Will a hole through a hill save a Mohave center?
In the Mohave Valley of Arizona, a town has punched a hole through a hill to unite a challenged shopping center with the local mall to improve traffic.
Kmart will close its store in the City Square shopping center in Bullhead City, across the Colorado River from Laughlin, Nevada, leaving it without the anchor that was its prime draw. In fact, few locals even knew the name of the center, referring to it just as Kmart, according to the Mohave Valley Daily News.
The center has lined up an Ashley HomeStore to take up part of the space vacated by a Food City market, but the town itself is spearheading an effort to save the center, excavating the linkage to the nearby Riverview Mall. Owners of the center, meanwhile, have upgraded signage in the hopes of giving City Square a new identity.
“We’ve been working on reconditioning it, making it a more attractive center, in the best location in town, we feel,” said property manager Anne Alba.
Click here for more.
No comments found
Report: Regional malls on the upswing since 2010
Scads of national retail chains are seeing their concepts fade out, but regional malls are still firmly in the picture.
That’s the diagnosis put forth in a report titled “Why Mall Reuse is Just Beginning,” from the entrepreneur-driven real estate firm Transwestern. Some key data points include:
*Regional malls have had positive net absorption since 2010, with the only blip in absorption occurring in 2009, at the height of the recession.
*In 2016, the U.S. retail market experienced 105 million sq. ft. of net absorption, representing a growth in occupancy of around 1%.
*Mall occupancy across the U.S. was above 95% in December 2016, equating to 848 million sq. ft. of space.
*Mall productivity has remained relatively steady and rose 0.7% in the last year to $465 per square foot.
“While we’ve seen store closures increase in 2017, malls are, for the most part, attracting new tenants through strategic marketing and property enhancements,” said Nick Hernandez, managing director of retail at Transwestern. “And in cases where a retail mall no longer makes sense, we have seen many owners successfully adapt to the changes in their trade areas by repurposing the mall for another use.”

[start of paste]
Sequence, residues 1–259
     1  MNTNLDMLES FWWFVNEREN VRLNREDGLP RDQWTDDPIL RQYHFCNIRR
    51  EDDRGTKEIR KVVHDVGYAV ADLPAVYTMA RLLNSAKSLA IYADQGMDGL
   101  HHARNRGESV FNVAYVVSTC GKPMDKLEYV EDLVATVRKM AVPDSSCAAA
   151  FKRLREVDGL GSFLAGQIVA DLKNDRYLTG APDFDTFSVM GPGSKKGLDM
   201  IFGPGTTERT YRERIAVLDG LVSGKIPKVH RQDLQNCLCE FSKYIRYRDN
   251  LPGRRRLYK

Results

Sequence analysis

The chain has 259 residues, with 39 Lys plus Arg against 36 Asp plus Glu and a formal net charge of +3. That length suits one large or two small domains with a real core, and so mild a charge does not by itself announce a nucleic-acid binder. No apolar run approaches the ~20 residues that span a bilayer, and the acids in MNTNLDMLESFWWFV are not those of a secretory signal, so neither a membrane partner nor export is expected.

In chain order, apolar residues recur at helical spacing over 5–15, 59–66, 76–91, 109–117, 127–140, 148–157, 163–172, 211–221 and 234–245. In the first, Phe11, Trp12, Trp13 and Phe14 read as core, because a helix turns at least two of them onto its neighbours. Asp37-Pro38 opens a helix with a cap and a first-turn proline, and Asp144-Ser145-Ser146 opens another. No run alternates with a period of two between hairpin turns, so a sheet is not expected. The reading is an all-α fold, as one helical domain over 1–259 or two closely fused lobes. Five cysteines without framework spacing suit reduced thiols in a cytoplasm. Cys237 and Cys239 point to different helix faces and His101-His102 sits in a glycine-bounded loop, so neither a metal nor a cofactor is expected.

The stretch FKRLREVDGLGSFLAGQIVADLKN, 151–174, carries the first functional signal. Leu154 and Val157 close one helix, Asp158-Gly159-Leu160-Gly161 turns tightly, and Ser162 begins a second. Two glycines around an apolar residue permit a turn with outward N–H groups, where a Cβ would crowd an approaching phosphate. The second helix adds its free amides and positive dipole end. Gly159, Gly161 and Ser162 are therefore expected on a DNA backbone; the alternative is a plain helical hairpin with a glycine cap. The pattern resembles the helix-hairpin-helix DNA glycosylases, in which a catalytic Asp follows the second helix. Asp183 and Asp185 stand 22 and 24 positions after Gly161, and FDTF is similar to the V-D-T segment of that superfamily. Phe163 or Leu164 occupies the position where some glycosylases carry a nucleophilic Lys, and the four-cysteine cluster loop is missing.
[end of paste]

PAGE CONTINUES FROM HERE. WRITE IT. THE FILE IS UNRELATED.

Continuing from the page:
The bottom line, as most developers are eager to point out, is that malls occupy some of the most accessible, highly trafficked real estate in the land, and it’s not about to go fallow. Using market data analysis and re-seeding properties with office space, residences, and medical facilities “are allowing the regional mall that took off in the 1950s to evolve into a new type of gathering place,” said Transwestern’s Brian Landes, author of the report.
We have a problem in our industry of only giving partial information when making representations about what is going on in our business. The worst thing one can do is misrepresent things to oneself. We have done that all too often in our business. Occupancy is by no means a sole measure of success, just like tenant sales are not a measure of success either. The only measure of success is NOI growth. NOI forecasting is yielded from an understanding of tenant sales trends, tenant margins (the fact that they continue to compress and this is being ignored is an issue), the ability of the asset to accommodate new uses, and the changes in property expenses and ability to get them reimbursed by tenants. I will not comment on this other than to say that anyone in our business already knows the answers to these questions as it relates to malls in general.
Lidl opens its first round of U.S. stores
The wait is over.
German discount grocery retailer Lidl made its hotly-awaited debut in the United States on Thursday, opening the first 10 of 20 locations it plan to open over the summer. The chain expects to have 100 stores up and running within a year.
Six of the newly opened stores are in North Carolina, with locations in Greenville, Sanford, Rocky Mount, Wilson, Kinston, and Winston-Salem. Two stores are in Virginia, with one in Virginia Beach and the other in Hampton. And one is in South Carolina, in Spartanburg.
Lidl, which operates 10,000 stores in 27 countries, is known for its low prices. Prior to opening, the retailer said that shoppers could expect grocery prices that are up to 50% less than other supermarkets in the United States.
Lidl's U.S. stores have an average 20,000 sq.ft. footprint, with and only six aisles. The modern, warehouse-reminiscent design, with natural wood accents. The merchandise mix includes standard grocery items, along with an on-site European-styled bakery, cheeses, fresh and frozen seafood, wines, organic foods and gluten-free options. House brands make up about 90% of the inventory.
In addition, the stores feature an edited selection of non-food products that will rotate and appear in stores for a limited time.
To see Lild's opening deals, check out the company's first U.S. circular.
No comments found